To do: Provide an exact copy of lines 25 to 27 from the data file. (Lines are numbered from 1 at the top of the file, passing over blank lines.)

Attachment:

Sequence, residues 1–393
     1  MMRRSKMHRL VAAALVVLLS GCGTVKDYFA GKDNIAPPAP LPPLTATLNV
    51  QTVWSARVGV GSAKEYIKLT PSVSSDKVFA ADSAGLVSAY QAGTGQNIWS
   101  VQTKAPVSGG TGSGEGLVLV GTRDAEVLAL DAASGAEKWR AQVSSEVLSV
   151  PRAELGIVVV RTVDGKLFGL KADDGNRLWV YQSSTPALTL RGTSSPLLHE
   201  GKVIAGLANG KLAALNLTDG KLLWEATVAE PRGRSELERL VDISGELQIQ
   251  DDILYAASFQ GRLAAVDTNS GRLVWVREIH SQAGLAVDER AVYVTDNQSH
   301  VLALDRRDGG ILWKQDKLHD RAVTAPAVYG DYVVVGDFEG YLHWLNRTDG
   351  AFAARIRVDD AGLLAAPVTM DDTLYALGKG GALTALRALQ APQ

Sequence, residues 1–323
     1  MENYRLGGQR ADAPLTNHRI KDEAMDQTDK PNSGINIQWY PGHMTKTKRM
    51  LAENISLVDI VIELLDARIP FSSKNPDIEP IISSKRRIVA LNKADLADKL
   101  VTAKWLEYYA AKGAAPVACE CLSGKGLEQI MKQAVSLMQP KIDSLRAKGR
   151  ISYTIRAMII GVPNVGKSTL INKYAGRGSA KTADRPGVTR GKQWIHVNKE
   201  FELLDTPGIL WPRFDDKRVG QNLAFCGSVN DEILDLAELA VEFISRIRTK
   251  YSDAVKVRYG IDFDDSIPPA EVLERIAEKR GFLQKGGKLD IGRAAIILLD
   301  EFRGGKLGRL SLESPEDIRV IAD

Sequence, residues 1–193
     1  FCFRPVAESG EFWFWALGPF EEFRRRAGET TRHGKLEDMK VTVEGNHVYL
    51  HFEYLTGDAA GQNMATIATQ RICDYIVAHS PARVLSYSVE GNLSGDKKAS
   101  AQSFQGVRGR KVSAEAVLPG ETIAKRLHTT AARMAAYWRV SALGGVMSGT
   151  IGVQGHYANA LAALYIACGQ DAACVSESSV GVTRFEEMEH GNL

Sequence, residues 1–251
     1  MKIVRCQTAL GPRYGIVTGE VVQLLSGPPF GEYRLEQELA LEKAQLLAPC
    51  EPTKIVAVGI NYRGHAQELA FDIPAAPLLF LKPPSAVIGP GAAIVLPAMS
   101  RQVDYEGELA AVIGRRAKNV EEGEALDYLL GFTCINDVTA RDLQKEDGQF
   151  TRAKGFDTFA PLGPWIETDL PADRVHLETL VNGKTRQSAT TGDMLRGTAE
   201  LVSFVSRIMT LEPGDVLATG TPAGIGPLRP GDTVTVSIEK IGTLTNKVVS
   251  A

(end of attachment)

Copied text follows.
    51  EPTKIVAVGI NYRGHAQELA FDIPAAPLLF LKPPSAVIGP GAAIVLPAMS
   101  RQVDYEGELA AVIGRRAKNV EEGEALDYLL GFTCINDVTA RDLQKEDGQF
   151  TRAKGFDTFA PLGPWIETDL PADRVHLETL VNGKTRQSAT TGDMLRGTAE